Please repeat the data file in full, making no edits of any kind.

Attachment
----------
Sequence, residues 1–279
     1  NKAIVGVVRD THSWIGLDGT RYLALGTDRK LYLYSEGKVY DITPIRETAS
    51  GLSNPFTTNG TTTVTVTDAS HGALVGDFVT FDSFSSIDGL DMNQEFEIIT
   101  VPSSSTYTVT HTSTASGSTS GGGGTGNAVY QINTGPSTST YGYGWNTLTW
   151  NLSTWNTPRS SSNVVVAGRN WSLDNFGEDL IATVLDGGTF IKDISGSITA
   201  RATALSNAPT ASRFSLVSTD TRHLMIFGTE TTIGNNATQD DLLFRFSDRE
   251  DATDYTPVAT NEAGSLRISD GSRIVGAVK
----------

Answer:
Sequence, residues 1–279
     1  NKAIVGVVRD THSWIGLDGT RYLALGTDRK LYLYSEGKVY DITPIRETAS
    51  GLSNPFTTNG TTTVTVTDAS HGALVGDFVT FDSFSSIDGL DMNQEFEIIT
   101  VPSSSTYTVT HTSTASGSTS GGGGTGNAVY QINTGPSTST YGYGWNTLTW
   151  NLSTWNTPRS SSNVVVAGRN WSLDNFGEDL IATVLDGGTF IKDISGSITA
   201  RATALSNAPT ASRFSLVSTD TRHLMIFGTE TTIGNNATQD DLLFRFSDRE
   251  DATDYTPVAT NEAGSLRISD GSRIVGAVK